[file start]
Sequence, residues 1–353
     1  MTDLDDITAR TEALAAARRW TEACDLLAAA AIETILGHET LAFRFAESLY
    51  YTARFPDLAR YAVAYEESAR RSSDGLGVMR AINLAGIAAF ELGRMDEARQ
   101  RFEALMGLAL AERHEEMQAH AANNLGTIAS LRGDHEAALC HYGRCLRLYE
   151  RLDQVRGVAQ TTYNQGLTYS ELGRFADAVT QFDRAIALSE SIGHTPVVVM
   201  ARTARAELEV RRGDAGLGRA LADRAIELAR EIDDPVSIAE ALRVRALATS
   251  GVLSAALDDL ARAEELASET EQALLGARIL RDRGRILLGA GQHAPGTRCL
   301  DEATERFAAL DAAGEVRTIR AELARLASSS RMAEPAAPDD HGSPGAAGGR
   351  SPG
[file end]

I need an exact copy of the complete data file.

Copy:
Sequence, residues 1–353
     1  MTDLDDITAR TEALAAARRW TEACDLLAAA AIETILGHET LAFRFAESLY
    51  YTARFPDLAR YAVAYEESAR RSSDGLGVMR AINLAGIAAF ELGRMDEARQ
   101  RFEALMGLAL AERHEEMQAH AANNLGTIAS LRGDHEAALC HYGRCLRLYE
   151  RLDQVRGVAQ TTYNQGLTYS ELGRFADAVT QFDRAIALSE SIGHTPVVVM
   201  ARTARAELEV RRGDAGLGRA LADRAIELAR EIDDPVSIAE ALRVRALATS
   251  GVLSAALDDL ARAEELASET EQALLGARIL RDRGRILLGA GQHAPGTRCL
   301  DEATERFAAL DAAGEVRTIR AELARLASSS RMAEPAAPDD HGSPGAAGGR
   351  SPG